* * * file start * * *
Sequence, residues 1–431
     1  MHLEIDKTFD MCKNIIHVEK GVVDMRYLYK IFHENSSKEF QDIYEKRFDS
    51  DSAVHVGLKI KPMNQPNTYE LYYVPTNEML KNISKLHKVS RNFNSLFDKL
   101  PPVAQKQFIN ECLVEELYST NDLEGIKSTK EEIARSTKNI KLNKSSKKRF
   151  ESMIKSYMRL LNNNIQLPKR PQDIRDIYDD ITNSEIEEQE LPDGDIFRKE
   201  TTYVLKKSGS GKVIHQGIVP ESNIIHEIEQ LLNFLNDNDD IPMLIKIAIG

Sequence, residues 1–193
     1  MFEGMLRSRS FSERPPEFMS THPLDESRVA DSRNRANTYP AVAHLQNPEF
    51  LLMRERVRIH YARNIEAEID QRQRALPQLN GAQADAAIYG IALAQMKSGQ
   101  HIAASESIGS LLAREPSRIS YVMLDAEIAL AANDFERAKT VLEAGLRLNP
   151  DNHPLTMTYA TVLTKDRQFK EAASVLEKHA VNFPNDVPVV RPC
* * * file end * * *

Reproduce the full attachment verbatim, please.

Sequence, residues 1–431
     1  MHLEIDKTFD MCKNIIHVEK GVVDMRYLYK IFHENSSKEF QDIYEKRFDS
    51  DSAVHVGLKI KPMNQPNTYE LYYVPTNEML KNISKLHKVS RNFNSLFDKL
   101  PPVAQKQFIN ECLVEELYST NDLEGIKSTK EEIARSTKNI KLNKSSKKRF
   151  ESMIKSYMRL LNNNIQLPKR PQDIRDIYDD ITNSEIEEQE LPDGDIFRKE
   201  TTYVLKKSGS GKVIHQGIVP ESNIIHEIEQ LLNFLNDNDD IPMLIKIAIG

Sequence, residues 1–193
     1  MFEGMLRSRS FSERPPEFMS THPLDESRVA DSRNRANTYP AVAHLQNPEF
    51  LLMRERVRIH YARNIEAEID QRQRALPQLN GAQADAAIYG IALAQMKSGQ
   101  HIAASESIGS LLAREPSRIS YVMLDAEIAL AANDFERAKT VLEAGLRLNP
   151  DNHPLTMTYA TVLTKDRQFK EAASVLEKHA VNFPNDVPVV RPC